For happiness I long have sought
And pleasure dearly I have bought
I missed of all but now I see
'Tis found in Christ the apple tree.

I'm weary with my former toil
Here I will sit and rest a while
I'm weary with my former toil
Here I will sit and rest a while
Under the shadow I will be
Of Jesus Christ the apple tree.

This fruit does make my soul to thrive
It keeps my dying faith alive
This fruit does make my soul to thrive
It keeps my dying faith alive
Which makes my soul in haste to be
With Jesus Christ the apple tree.

Sung by the Choir of King's College, Cambridge


First Sunday of Advent: O Come, O Come Emmanuel

>> Sunday, December 6, 2009

O come, o come, Emmanuel,
And ransom captive Israel,
That mourns in lowly exile, here,
Until the Son of God appear.

Rejoice! Rejoice!
Emmanuel shall come to thee,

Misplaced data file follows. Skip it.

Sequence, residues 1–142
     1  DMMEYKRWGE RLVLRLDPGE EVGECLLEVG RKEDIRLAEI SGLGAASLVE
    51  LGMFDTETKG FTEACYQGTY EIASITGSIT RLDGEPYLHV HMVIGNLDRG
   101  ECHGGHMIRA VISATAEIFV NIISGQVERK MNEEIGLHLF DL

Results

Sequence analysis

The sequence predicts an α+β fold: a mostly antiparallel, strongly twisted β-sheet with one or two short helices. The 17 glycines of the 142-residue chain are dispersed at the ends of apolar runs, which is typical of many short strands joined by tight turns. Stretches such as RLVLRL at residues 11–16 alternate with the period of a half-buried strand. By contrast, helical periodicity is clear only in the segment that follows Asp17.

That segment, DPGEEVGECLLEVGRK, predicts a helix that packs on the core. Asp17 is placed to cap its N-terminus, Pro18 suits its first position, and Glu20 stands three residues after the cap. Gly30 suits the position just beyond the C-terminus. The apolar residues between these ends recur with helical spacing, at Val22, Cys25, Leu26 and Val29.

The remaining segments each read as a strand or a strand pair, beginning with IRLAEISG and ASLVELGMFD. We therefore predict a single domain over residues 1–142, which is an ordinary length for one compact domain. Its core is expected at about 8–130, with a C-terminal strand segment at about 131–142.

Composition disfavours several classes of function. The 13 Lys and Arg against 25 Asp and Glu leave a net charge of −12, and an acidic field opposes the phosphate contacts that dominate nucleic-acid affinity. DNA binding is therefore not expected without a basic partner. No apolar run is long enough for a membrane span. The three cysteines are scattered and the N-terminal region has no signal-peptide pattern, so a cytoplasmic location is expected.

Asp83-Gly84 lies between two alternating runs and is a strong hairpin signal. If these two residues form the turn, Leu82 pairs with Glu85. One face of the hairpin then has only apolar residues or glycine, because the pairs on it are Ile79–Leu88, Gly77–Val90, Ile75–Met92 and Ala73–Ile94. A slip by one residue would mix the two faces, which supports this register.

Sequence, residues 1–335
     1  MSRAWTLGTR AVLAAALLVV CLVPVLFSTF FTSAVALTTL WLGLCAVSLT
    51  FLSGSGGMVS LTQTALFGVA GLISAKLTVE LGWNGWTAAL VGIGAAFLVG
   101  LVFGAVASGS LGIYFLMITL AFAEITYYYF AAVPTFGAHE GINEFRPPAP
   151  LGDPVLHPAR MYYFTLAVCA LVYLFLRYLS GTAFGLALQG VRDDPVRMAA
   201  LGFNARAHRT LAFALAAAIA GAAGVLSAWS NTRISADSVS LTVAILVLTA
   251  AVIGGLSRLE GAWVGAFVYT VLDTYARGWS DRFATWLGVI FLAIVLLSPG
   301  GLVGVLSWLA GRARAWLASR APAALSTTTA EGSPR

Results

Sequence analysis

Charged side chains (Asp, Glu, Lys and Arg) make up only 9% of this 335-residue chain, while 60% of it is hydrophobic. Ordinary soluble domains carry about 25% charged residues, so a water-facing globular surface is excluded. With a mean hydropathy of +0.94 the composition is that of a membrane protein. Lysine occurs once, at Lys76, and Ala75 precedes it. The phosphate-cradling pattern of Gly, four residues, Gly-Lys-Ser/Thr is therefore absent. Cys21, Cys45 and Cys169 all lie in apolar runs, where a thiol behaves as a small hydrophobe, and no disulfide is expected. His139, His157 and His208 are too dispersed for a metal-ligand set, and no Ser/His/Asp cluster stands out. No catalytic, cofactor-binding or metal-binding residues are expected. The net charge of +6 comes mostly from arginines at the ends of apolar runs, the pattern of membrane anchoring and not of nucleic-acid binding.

O Israel!

Performance by the Robert Shaw Chorale


The World's most beautiful music: Franz Schubert's "Du bist die Ruh"

>> Saturday, November 28, 2009

You are peace,
The mild peace,
You are longing
And what stills it.

I consecrate to you
Full of pleasure and pain
As a dwelling here
My eyes and heart.

Come live with me,
And close
quietly behind you
the gates.

Drive other pain
Out of this breast
May my heart be full
With your pleasure.

The tabernacle of my eyes
by your radiance
alone is illumined,
O fill it completely!

Sung by Renee Fleming.


Mozart Fantasie in F minor for Organ, K. 608

>> Monday, November 23, 2009

Commissioned in March of the last year of Mozart's life (1791), this piece has been described as "one of the most perfect works in Mozart's inexhaustible genius", and "with its triple trills and dense textures, is impossible for a single organist to play as notated. Its superhuman virtuosity is that of a machine..."